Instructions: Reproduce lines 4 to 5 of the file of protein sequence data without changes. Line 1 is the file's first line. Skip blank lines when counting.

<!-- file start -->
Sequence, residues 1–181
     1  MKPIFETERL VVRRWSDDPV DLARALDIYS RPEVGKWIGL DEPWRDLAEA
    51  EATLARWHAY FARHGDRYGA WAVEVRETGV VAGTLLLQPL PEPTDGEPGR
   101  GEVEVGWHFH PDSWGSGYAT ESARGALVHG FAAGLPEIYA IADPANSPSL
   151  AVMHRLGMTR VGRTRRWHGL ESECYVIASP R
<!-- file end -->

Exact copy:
   101  GEVEVGWHFH PDSWGSGYAT ESARGALVHG FAAGLPEIYA IADPANSPSL
   151  AVMHRLGMTR VGRTRRWHGL ESECYVIASP R